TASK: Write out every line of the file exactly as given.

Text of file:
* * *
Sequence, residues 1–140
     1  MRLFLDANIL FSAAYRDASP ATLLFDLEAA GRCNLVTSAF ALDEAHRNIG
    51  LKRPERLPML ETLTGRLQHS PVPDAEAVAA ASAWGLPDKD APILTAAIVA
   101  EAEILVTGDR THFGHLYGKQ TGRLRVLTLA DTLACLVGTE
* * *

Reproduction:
Sequence, residues 1–140
     1  MRLFLDANIL FSAAYRDASP ATLLFDLEAA GRCNLVTSAF ALDEAHRNIG
    51  LKRPERLPML ETLTGRLQHS PVPDAEAVAA ASAWGLPDKD APILTAAIVA
   101  EAEILVTGDR THFGHLYGKQ TGRLRVLTLA DTLACLVGTE